Broken and blessed

PROFESSIONS OF FAITH

Good morning, dear friends! This morning, I’d like to share my thoughts with you concerning this thing called “brokenness.” For the Christian, there is simply no other way to walk with Jesus and find rest for our weary souls. It comes only through the broken places we allow Him to take us, and trusting in His wisdom all along the way.

What is Brokenness?

Brokenness is an ongoing, constant way of life; a lifestyle. It is a moment by moment decision to agree with God about the true condition of my heart and life — not as everyone else thinks it is but as God knows it to be.

Brokenness is a shattering of my self will. It’s saying, “Yes, Lord” — no resistance, no stubbornness, no turning back – simply submitting myself to His direction and will for my life.

Brokenness is the stripping of my self-reliance and independence from God. The broken person has no confidence in his own righteousness or works, but he is totally dependent on the grace of God working in and through him.

Brokenness is the softening of the soil of my heart. It is the breaking up of the clods of resistance that keeps the “seed” from penetrating and taking root. Believers with broken, contrite hearts are receptive and responsive to the Word.

Roy Hession once said, “Being broken is both God’s work and ours. He brings His pressure to bear, but we have to make the choice…All day long the choice will be before us in a thousand ways.” Making the choice to follow God in whatever way He is asking is often very painful, but worth the effort. In comparison, I read a quote written in the sideline of my Bible that says, “Little people with little minds jog through life in little ruts, smugly resisting all changes that would jar their little worlds.” What a contrast! What totally different ways of looking at life! The first will bring blessing upon blessing, coupled with peace; God’s peace. The second will be a life lived only to self, with no thought for the welfare of another. There absolutely can be no peace in that kind of life! That sort of living only brings pain, isolation, and bitterness.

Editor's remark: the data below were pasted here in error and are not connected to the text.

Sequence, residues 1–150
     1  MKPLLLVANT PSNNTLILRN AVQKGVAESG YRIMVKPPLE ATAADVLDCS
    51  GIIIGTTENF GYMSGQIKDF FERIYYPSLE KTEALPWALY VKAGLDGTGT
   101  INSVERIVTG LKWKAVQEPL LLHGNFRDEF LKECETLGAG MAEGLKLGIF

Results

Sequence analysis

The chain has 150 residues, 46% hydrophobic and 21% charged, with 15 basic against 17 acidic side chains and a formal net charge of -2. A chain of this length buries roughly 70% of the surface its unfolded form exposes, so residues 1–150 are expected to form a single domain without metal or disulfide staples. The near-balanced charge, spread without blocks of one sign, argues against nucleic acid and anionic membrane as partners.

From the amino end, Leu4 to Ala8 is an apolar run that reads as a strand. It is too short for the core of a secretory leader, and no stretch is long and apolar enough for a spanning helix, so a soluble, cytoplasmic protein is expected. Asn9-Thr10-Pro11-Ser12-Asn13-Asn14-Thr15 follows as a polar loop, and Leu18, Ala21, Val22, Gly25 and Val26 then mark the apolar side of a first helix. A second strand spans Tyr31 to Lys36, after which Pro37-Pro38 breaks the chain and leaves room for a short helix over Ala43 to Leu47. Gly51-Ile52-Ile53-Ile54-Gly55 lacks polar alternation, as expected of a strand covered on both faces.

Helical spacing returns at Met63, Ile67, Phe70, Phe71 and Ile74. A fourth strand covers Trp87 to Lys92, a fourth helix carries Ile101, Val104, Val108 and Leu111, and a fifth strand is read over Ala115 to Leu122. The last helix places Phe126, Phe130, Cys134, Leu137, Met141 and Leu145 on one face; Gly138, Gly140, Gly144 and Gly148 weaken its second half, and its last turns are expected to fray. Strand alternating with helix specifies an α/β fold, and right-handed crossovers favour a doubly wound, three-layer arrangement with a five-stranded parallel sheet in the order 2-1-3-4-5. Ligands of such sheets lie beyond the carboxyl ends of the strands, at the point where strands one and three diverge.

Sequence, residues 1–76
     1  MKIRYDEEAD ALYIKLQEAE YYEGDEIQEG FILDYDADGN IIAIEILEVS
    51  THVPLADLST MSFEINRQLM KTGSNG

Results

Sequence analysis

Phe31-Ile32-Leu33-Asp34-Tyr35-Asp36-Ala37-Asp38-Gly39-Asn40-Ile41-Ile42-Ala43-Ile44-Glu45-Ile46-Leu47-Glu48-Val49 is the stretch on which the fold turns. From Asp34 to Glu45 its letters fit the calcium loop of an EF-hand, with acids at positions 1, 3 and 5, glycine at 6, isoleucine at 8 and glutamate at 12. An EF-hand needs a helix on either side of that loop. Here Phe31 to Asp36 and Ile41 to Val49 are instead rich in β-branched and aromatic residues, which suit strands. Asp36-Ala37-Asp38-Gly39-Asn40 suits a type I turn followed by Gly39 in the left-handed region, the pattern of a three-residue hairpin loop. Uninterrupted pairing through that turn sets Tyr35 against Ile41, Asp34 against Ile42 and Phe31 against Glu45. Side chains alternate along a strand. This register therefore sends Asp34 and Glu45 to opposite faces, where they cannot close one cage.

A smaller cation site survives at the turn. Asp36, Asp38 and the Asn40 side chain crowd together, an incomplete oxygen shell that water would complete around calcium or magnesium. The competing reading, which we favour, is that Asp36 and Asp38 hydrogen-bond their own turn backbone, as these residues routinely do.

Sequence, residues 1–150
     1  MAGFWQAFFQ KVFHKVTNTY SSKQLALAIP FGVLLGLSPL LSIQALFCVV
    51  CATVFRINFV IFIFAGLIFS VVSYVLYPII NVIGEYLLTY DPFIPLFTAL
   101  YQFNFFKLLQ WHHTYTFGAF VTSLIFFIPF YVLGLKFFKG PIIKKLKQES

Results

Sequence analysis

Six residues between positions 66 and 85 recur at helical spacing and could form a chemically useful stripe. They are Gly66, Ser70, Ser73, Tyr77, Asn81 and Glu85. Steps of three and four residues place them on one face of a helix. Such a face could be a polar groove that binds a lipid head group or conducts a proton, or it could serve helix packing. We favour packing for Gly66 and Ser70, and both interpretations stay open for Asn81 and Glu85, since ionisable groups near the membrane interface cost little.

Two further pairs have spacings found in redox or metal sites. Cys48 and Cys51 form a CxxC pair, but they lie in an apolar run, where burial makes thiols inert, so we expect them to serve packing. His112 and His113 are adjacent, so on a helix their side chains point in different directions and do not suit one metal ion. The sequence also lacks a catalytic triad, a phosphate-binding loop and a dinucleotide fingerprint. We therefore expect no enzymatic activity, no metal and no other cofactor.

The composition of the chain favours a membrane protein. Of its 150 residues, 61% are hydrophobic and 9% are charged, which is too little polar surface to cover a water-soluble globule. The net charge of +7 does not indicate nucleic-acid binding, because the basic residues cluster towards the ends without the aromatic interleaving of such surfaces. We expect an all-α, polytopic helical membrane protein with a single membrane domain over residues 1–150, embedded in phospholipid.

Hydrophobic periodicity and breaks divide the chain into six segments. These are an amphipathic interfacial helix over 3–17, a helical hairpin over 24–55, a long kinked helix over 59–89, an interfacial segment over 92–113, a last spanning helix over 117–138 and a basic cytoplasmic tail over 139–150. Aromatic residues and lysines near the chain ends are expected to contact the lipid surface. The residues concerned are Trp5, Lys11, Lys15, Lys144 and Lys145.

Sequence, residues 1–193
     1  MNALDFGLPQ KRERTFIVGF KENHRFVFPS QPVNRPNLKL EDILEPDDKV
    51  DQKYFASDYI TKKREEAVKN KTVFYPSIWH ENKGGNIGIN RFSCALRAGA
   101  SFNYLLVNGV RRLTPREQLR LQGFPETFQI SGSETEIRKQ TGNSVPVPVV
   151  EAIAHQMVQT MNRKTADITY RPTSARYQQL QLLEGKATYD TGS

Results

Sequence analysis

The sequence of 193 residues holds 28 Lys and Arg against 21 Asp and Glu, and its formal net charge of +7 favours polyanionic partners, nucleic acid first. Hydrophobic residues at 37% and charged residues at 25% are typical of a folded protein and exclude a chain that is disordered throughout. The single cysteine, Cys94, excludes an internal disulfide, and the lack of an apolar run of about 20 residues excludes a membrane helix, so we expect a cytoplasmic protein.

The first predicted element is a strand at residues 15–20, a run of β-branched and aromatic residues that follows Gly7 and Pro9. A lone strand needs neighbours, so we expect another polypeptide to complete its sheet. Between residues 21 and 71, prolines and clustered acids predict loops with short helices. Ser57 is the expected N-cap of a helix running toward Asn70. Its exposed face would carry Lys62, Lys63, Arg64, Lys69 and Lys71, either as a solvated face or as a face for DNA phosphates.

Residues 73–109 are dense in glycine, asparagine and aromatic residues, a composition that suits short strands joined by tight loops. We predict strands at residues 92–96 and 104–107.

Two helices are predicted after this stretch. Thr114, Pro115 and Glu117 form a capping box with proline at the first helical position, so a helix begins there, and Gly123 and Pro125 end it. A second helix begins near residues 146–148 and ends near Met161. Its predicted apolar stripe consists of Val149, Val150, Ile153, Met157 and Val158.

None of us would say we enjoy the process of being broken, would we? Definitely not while going through the process. In our pain, we often fail to recognize the hand of God at work. We only see our pain. I know that pain well, and I know you all do, as well. It comes in the form of broken relationships, sickness, death, loss of a home or job. I guess this is why we resist the process of being broken, but friends, I tell you there is no greater joy than knowing we are walking at peace with ourselves, our world, and our God! We must go through the crushing process, so that we can be whole.

Martin Luther once said, “God creates out of nothing. Therefore until a man is nothing, God can make nothing out of him.” Having said that, let me share what the Word has to say on this matter.